Doing it under full media blitz was another reason for the Prime Minister to inaugurate the hologram of Netaji’s statue at India Gate on January 23. He could have not done so without first laying a wreath at the Amar Jawan Jyoti. With the hologram of Netaji’s statue being inaugurated on Netaji’s birth anniversary, Prime Minister Modi could have dedicated the Amar Jawan Jyoti at India Gate to the INA.

Discussions are raging about merging the Amar Jawan Jyoti at India Gate with the NWM and others deploring extinguishing the Amar Jawan Jyoti. But a two-star veteran made an ass of himself in a TV discussion terming the names on India Gate those of mercenaries. In so doing, he abused all those who served in Armed Forces before 1947 – two Field Marshals, a Marshal of the Air Force, down to soldiers. Another idiot was observed wagging his head in unison. The two-star veteran has been howling and crying like a sissy in panel discussions earlier too – a shame!

The only Netaji-related issue that the Modi Government has not addressed is Netaji’s ashes. After Netaji died in an air-crash in Taiwan (then Japanese Territory) on August 18, 1945 his ashes were brought to Tokyo and are preserved in Renkoji Temple since September 18, 1945. Renkoji Temple is a small shrine established in 1594, about an hour and a half drive from central Tokyo. In front of the main entrance is a bust of Netaji.

Renkoji Temple was visited by PM Nehru in 1957, President Rajendra Prasad in 1958, PM Indira Gandhi in 1969 and PM Atal Bihari Vajpayee in 2001. A plaque behind Netaji’s bust replicates in Hindi and Japanese, what Vajpayee wrote on September 12, 2001 while visiting the Temple, which says, “Mujhe Renkoji dobara akar prasanata hui, jahan Bhartiya swatantarta sangram ke mahan senani Netaji Subhas Chandra Bose ki smritiyan surakshit hain”.

Among all the stories that Netaji died of torture by the Soviets in a Siberian prison and that he is still alive, there is absolutely no reason for the Japanese to lie on the issue, who hold Netaji Subhas Chandra Bose in the highest esteem and celebrate his birthday every year at the Renkoji Temple. Many Indians visit the shrine and I was fortunate to do so while serving as the Defence Attaché at Tokyo.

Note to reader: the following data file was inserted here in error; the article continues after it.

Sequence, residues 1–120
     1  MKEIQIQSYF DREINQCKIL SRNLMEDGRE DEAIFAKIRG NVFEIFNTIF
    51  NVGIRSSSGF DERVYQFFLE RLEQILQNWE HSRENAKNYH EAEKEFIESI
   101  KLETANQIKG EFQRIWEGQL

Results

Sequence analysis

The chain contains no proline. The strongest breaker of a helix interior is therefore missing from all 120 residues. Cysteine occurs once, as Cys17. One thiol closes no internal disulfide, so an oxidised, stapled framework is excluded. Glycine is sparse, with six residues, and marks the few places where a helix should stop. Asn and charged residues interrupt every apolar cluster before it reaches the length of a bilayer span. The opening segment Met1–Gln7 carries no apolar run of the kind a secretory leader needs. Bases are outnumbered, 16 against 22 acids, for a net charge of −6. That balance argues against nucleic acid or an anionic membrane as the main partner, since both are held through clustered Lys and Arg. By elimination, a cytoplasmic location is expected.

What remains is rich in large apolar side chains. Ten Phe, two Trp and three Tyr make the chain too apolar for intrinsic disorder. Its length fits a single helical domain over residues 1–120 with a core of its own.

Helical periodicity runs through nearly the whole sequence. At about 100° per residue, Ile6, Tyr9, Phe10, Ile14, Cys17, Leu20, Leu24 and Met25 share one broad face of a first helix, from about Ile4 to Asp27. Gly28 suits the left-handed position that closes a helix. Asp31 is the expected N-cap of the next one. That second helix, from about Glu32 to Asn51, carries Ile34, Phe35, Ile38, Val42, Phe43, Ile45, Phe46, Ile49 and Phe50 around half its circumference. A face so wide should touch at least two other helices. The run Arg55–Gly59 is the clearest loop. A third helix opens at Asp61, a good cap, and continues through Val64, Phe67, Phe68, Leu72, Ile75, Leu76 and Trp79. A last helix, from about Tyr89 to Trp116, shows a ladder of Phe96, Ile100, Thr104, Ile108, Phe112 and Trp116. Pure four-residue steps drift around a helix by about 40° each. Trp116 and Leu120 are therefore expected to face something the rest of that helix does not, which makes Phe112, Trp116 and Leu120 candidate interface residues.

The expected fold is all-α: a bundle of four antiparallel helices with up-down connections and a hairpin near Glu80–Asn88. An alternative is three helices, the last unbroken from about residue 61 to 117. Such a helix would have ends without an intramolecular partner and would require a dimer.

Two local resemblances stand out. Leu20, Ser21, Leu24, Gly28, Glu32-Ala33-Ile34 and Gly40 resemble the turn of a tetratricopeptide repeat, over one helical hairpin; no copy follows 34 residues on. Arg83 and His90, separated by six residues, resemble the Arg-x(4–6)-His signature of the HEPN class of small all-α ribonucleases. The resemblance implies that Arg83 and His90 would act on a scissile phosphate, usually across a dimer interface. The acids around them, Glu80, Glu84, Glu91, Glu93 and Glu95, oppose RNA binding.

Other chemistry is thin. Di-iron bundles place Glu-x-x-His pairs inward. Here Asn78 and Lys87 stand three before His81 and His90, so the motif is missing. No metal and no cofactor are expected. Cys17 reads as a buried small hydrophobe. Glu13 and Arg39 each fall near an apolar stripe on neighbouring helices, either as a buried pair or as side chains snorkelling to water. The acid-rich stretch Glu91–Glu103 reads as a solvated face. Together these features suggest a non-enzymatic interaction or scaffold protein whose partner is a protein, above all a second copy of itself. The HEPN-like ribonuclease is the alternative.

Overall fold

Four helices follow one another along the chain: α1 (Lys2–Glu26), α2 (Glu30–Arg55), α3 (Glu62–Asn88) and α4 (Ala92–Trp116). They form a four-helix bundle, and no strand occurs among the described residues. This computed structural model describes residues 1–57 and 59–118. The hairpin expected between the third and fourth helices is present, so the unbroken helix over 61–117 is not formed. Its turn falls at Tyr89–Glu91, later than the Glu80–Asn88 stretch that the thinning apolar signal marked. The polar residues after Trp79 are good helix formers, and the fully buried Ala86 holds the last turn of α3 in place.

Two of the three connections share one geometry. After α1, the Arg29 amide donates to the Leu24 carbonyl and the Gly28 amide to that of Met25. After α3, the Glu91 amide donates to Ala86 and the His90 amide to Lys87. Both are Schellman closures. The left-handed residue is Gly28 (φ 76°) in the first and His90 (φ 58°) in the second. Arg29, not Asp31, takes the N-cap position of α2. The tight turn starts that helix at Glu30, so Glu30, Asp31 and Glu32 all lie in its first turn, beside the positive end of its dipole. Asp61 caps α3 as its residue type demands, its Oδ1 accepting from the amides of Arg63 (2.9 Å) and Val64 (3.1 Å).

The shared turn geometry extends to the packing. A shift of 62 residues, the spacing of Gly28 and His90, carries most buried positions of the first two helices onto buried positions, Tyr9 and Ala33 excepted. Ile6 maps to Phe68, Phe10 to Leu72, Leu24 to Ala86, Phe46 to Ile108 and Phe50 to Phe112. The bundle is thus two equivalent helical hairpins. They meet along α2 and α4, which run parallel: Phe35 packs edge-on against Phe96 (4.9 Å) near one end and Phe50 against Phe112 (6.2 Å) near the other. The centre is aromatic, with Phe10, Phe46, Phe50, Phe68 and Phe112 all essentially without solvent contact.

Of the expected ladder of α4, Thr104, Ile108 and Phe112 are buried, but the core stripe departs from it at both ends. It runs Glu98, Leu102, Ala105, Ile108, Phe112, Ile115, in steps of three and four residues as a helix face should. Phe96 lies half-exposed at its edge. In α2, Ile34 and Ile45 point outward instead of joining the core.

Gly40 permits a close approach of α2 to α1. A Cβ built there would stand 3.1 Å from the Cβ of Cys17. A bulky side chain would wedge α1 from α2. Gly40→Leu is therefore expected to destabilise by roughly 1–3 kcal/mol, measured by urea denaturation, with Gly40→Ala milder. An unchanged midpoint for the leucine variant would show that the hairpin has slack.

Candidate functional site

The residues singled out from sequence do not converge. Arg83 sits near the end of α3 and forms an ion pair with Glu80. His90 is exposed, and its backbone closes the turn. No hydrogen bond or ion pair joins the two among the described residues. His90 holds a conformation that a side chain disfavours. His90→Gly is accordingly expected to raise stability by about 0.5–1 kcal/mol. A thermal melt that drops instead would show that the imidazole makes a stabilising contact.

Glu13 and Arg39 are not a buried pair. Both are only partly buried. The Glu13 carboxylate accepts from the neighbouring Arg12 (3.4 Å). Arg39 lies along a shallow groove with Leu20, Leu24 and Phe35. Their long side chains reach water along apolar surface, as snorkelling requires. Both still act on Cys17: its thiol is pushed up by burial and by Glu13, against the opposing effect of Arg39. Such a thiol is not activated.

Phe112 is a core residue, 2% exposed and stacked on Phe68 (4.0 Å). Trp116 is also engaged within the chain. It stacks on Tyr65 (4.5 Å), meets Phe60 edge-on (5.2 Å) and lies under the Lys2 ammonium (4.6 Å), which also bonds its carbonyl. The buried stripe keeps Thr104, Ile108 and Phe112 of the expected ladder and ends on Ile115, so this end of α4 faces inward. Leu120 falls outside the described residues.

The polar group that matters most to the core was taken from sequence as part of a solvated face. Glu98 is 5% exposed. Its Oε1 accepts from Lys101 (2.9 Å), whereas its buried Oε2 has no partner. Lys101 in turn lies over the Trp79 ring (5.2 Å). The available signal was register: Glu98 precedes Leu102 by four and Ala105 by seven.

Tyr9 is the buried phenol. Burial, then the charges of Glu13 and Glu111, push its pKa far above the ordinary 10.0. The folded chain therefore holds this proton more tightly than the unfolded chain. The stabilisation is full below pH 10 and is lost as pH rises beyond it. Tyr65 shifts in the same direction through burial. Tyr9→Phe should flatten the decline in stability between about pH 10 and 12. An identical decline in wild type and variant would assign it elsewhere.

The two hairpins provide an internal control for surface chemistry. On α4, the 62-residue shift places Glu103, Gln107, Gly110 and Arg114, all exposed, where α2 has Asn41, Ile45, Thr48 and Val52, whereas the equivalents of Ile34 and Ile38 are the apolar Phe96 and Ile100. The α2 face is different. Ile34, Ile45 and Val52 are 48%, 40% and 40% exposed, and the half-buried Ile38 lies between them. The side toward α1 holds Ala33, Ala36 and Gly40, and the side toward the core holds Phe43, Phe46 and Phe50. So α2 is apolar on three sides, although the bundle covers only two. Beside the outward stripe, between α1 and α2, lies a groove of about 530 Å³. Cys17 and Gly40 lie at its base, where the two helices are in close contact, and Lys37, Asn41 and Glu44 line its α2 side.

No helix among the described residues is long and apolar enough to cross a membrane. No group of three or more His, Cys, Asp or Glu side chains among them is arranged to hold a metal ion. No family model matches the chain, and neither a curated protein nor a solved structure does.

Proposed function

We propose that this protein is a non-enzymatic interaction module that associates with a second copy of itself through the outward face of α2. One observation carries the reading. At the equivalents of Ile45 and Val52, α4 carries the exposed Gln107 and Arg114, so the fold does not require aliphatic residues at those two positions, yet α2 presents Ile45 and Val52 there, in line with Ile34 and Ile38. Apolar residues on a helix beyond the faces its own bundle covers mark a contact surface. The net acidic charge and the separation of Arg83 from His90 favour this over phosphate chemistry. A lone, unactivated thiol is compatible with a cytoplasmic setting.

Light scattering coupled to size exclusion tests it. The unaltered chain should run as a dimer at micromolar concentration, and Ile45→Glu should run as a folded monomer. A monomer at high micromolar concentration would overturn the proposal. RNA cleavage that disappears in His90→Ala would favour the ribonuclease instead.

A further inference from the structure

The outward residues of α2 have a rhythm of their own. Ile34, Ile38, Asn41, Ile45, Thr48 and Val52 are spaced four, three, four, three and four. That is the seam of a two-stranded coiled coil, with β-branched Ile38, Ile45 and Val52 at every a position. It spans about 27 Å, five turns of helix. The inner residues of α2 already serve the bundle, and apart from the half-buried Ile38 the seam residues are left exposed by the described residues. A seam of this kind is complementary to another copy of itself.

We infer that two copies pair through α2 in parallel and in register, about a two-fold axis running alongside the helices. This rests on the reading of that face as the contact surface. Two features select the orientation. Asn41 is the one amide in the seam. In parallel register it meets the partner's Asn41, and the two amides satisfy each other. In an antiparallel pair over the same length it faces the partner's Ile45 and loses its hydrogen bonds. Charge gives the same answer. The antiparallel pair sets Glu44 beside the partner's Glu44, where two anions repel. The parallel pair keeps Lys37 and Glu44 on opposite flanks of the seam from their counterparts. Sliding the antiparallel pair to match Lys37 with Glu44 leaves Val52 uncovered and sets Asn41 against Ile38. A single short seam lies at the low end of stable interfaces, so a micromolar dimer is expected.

In 2019, Hiroshi Hirabayashi, President of Japan India Association, Tokyo and former Ambassador of Japan to India asked why successive governments in India have failed to take back the ashes of the “hero” back home. His question came in the run up to the 2019 general elections when our political parties were accusing each other for having let down the nation, including ignoring Netaji.

The issue is indeed very easy to resolve – do a DNA test on the ashes. In fact after the BJP returned to power in May 2019, media reports of August 22, 2019 said that Anita Bose Pfaff, daughter of Netaji, wanted to meet Prime Minister Narendra Modi to seek a DNA test of the ashes interred in Renkoji since she believes he died in a plane crash in August 1945. Anita Bose Pfaff (born in 1942) is an Austrian economist and the only child of Netaji Subhas Chandra Bose and Emilie Schenki.

Nothing was heard thereafter. It cannot be that Modi is not interested in bringing Netaji’s ashes to India or he did not like Anita Bose meeting Congress leaders in Delhi. The mere fact that Nehru and Indira Gandhi visited Renkoji Temple should be enough to dispel the theory that Nehru handed over Netaji to the Soviets for torturing and killing him. What Vajpayee wrote during his visit to Renkoji Temple more than conveys the high esteem and reverence India has for Netaji. There is no reason to distrust what the Japanese say either with whom India has had excellent relations for the past several decades.

Why Modi has not acted to bring Netaji’s ashes to India possibly is because he has not found time to visit Renkoji Temple so far and possibly wants to initiate action after he visits Renkoji. It is also possible that he wants to do so in conjunction with the 2024 general elections, given his penchant for high-octane optics. Hopefully he will do so, not leaving the Japanese wondering what mettle Indian politicians are made of.

Lt Gen Prakash Katoch is a veteran of the Indian Army. Views expressed are personal

First published in Raksha Anirveda